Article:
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JustMeLurkingAround- t1_jb5s2z1 wrote

Understandable. It seems they are moving most of production from Switzerland to Eastern Europe. Which makes it not Swiss chocolate anymore.

The Matterhorn is an important Swiss landmark, which would still suggest it is Swiss made chocolate. They have to protect their brands and quality. If they allow everyone to seem like they are producing Swiss chocolate anywhere, it won't mean a thing anymore soon.


SilasX t1_jb6h3tt wrote

Reminds me of the time Brits were upset that some condiment's packaging still had Big Ben on it even after production moved to the Netherlands.


JustMeLurkingAround- t1_jb6kemz wrote

Yeah, but Swiss Chocolate is a protected term connected to a certain region. Just like Champagne (Champangne, France), Parmesan (Parma, Italy), Bourbon (USA), Cornish Pastries (UK) or Colombian Coffee.

You can't just plant a coffee tree with seeds from Colombia in your backyard and call it Colombian coffee or produce some whiskey in China and call it Bourbon. Same with Swiss chocolate. You can't produce it in Slovakia (with Slovakian rules and regulations) and call it Swiss.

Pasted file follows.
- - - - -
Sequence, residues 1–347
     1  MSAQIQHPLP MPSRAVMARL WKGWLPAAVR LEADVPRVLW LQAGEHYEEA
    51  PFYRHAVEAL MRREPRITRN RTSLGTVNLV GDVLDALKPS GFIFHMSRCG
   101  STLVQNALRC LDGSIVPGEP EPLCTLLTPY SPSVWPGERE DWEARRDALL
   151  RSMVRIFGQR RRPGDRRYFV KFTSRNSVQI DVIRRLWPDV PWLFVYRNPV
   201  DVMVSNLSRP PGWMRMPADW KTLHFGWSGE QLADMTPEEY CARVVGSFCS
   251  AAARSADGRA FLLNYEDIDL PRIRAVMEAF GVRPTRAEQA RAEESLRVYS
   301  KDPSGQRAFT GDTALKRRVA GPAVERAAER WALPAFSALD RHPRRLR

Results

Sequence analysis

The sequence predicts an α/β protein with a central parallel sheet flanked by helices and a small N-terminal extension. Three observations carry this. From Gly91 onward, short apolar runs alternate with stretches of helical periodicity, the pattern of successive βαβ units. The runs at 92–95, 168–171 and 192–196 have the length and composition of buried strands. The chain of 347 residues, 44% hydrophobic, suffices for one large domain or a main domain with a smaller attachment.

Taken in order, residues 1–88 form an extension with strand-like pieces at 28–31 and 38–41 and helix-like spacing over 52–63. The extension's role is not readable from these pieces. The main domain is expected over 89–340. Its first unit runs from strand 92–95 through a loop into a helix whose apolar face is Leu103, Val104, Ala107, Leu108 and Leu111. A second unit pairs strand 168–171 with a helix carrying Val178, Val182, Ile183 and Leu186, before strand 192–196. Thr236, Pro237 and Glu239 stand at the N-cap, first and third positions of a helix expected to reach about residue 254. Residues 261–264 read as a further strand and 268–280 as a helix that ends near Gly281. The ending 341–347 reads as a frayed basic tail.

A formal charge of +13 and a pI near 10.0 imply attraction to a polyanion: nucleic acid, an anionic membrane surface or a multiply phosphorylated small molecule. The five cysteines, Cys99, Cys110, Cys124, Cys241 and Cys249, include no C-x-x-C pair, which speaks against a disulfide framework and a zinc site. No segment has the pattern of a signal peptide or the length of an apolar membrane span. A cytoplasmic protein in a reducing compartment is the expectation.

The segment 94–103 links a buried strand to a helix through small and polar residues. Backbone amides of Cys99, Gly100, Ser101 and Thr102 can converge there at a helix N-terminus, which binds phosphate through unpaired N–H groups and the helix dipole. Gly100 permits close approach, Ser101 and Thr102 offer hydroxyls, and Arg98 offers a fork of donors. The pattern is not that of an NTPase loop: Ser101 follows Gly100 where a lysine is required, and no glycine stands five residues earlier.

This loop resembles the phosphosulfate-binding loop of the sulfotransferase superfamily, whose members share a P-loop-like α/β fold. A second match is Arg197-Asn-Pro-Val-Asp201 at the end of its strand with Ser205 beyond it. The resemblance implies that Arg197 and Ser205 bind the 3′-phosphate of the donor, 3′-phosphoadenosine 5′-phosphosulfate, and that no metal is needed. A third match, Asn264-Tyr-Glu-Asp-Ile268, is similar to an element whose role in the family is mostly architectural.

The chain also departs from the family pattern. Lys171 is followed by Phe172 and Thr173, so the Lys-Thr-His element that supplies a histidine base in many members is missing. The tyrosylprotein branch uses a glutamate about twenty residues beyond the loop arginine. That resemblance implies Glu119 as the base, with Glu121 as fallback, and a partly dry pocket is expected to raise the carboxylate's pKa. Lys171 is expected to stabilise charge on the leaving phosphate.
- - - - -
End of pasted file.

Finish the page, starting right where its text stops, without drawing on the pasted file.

There are lots of these protected designations around the world that vouch for a certain origin, quality, and often traditional production. And if the Swiss have protected the picture of the Matterhorn as a trademark, it goes for symbols just the same.


zdakat t1_jb7ec2i wrote

Drinking sparkling chocolate and playing on a Nintendo


SuDragon2k3 t1_jb8spz1 wrote

What if...Switzerland....*annexes...*this new production location?


ux3l t1_jb5u6ym wrote

What does it matter where something is made if it's made the same way. Sure, they can't claim it's swiss chocolate anymore, but the Matterhorn isn't Swiss made, and a part of it is in Italy.


blahbleh112233 t1_jb5vhyo wrote

Matters a lot for protecting income. I think bourbon is only allowed to be called that if it's made in the US for example, so thus all the bourbon money goes to the us


1ndomitablespirit t1_jb5y4ad wrote

I heard that only Champagne comes from France. Is that the same idea?


Mayor__Defacto t1_jb5zt6i wrote

That one’s not true. Champagne can also come from California, legally. Part of negotiations over trade labeling ~18 years ago. Producers in California that were already labeling their product Champagne were/are allowed to continue to label it as such indefinitely.